Thursday, April 9, 2009
Grain elevators in Montreal, continued
In a prior posting concerning page 123 of American Colossus, I mentioned that the first grain elevator in Montreal, Quebec, was built in 1859. On pages 173-174 , I discuss the elevators built in Montreal between 1905 and 1930. In the course of this discussion, I offer excerpts from my translation of an article entitled "Les Mysteres d'un Elevateur a Grains," originally published in the Album Universel on 21 October 1905, and put online by Controleman in 2007. It concerns Elevator #1, which was designed and built by the Steel Storage & Elevator Construction Company between 1902 and 1905. Should my readers desire it, I will translate the entire article into English. In the meantime, I provide translations of the captions to the many pictures that accompany it.
Page 784, upper left: "The elevator unloads a steamer come from the Great Lakes." Note: the unloading is being done by the extended leg of a mobile marine tower.
Page 784, lower left: "The elevator and its three mobile towers." Note: two of these "mobile towers" (the boxes atop riggings) are for loading grain, not unloading.
Page 784, upper right: "The electrician at his post, as if by magic, puts its motion the machines of the immense edifice." Note: he's not an electrician, of course, but a superintendent.
Page 784, middle right: "Grain tanks above the automatic scales." Note: these tanks only "store" the grain they contain for a few minutes before being emptied and then re-filled.
Page 784, lower right: "In a high part of the elevator, enormous tubes distribute the grain at will into the tanks." This would be a place grain dust accumulated.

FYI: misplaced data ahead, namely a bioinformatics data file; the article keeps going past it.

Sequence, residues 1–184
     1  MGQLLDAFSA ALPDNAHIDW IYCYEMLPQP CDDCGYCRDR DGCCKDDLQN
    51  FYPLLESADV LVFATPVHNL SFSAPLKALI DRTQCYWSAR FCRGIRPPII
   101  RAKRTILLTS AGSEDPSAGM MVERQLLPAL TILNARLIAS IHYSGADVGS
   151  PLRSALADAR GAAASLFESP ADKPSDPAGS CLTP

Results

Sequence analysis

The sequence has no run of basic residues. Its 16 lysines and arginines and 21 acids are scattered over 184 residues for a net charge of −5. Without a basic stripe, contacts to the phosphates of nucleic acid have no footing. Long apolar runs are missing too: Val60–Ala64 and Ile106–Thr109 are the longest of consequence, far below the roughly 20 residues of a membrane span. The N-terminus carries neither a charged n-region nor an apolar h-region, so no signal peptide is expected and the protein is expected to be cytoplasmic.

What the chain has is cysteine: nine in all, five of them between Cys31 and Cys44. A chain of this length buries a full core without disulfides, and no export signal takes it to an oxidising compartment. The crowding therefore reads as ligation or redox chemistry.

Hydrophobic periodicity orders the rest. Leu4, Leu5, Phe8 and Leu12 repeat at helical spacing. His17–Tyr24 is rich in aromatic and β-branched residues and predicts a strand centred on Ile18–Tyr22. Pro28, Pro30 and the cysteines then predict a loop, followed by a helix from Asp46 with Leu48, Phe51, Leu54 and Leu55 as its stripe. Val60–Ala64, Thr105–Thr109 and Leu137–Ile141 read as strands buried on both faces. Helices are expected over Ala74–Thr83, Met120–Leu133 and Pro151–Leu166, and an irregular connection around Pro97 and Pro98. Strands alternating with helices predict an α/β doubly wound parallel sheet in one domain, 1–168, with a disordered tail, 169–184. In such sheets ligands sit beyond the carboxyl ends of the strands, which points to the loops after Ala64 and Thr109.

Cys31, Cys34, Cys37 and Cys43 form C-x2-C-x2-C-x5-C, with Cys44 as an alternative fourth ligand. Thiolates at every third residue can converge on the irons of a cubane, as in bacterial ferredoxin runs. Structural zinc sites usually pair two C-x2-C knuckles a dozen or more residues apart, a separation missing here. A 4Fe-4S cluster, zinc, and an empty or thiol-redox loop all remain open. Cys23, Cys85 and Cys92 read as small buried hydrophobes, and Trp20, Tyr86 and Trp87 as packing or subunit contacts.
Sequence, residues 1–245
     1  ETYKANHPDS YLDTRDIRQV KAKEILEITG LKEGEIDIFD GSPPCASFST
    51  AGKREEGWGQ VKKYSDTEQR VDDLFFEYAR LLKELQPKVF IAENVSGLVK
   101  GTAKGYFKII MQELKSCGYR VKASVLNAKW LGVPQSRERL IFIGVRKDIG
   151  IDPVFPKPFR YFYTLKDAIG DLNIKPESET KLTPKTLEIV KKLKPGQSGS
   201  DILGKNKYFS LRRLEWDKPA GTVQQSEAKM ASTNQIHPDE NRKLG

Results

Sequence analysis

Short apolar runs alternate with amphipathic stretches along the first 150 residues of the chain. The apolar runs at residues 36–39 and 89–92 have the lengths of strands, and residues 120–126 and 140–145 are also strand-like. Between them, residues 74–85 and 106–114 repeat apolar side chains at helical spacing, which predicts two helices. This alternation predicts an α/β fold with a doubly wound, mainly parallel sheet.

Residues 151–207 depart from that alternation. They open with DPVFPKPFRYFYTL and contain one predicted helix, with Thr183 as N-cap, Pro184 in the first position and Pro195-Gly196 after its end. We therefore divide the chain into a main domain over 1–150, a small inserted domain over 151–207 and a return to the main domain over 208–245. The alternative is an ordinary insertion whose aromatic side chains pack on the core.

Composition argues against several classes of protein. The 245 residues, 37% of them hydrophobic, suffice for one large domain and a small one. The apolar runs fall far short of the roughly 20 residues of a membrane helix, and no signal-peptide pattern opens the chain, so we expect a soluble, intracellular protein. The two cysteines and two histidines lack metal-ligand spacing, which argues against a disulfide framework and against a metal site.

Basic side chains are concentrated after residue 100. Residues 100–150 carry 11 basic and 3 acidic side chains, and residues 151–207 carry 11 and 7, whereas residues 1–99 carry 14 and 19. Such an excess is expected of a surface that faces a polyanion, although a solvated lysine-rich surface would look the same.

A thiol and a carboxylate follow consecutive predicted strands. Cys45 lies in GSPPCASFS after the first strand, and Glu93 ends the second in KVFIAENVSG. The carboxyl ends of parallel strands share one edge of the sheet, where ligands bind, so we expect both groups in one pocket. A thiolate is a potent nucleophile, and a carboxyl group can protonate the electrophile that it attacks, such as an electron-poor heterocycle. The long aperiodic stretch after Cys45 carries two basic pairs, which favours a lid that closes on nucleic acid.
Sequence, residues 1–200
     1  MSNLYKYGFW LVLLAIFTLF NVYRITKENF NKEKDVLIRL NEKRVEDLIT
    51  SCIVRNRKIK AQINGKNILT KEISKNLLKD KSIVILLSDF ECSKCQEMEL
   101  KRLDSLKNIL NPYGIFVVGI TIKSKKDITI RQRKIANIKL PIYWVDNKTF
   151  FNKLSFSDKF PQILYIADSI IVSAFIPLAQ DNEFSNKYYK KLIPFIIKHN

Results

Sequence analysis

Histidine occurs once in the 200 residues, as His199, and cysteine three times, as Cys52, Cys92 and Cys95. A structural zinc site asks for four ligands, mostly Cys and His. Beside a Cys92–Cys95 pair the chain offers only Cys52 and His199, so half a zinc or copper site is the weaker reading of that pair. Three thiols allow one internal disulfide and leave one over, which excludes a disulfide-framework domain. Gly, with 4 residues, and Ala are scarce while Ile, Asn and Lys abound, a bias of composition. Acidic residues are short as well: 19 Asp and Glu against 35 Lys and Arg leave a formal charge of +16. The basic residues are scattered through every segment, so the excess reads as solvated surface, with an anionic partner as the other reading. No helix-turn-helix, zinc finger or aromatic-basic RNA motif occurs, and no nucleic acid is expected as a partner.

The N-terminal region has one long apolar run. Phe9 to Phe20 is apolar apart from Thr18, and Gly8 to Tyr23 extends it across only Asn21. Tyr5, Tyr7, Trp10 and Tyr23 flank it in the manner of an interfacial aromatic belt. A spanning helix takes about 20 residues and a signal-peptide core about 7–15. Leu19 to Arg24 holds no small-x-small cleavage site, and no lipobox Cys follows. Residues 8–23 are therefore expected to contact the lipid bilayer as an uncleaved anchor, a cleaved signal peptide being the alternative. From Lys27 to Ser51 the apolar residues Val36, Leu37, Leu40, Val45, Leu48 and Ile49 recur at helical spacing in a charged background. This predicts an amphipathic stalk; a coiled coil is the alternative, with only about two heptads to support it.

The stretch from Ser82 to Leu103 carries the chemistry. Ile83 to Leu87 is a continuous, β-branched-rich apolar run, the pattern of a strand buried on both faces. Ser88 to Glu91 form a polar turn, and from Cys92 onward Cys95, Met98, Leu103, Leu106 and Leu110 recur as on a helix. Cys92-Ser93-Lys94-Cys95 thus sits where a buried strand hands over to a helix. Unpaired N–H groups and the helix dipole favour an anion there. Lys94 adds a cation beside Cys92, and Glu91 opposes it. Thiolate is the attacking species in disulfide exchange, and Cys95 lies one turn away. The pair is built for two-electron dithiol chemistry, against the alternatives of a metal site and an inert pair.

Page 785, upper left: "Northern part of the basement of the elevator." Note the railroads tracks.
Page 785, middle left: "The enormous scales that can weigh 1,500 bushels of grain at a time." Note: the tank in view is made out of steel, not reinforced concrete.
Page 785, lower left: "The grain, once weighed, runs along large horizontal belts, and falls into the immense cylinder-tanks." We should not take the cylindrical shape of these grain tanks for granted: elevators built out of steel sometimes utilized rectangularly shaped grain bins.
Page 785, upper right: "To unload the ships, a metallic and mobile chute is used." As noted before, we are in fact seeing three "metallic and mobile" devices, but one of them is used to unload the ships (the mobile marine tower, in the center of the picture), while the other two are used to load smaller craft (the mobile loaders on both sides of the marine tower).
Page 785, lower right: "The elevator chute descends as far as the depths of the hold." Yes, provided we understand the "chute" to be the elevating leg, contained in the mobile marine tower.
Page 786, upper right: "Diagram showing a horizontal section of the cylinders of the elevator." Note well that the language used to indicate how much of what grain is stored in which particular bin is English, not French. The text of the article itself mentions that the superintendent of the elevator is an American named M.J. Nehin. From this diagram, we learn that this elevator had 36 main bins, 22 outer bins and 20 interstitials, and used four internal "lofting" legs.
Page 786, middle left: "Grain elevator of the 'Harbor Depot.'" This is clearly a different grain elevator from Elevator #1 and it is not Elevator B, also known as Elevator #5, which was built by the Grand Trunk Railroad between 1904 and 1906. It must be from another Canadian port in which the Dominion government built grain elevators (Port Arthur or Fort William, later known as "Thunder Bay").
Page 786, lower right: "An elevator of wood, such as they are built in the west." A classic wood-cribbed grain elevator of the Canadian West and the American Midwest, circa 1880.
Below is a picture of this same grain elevator, taken from a different source.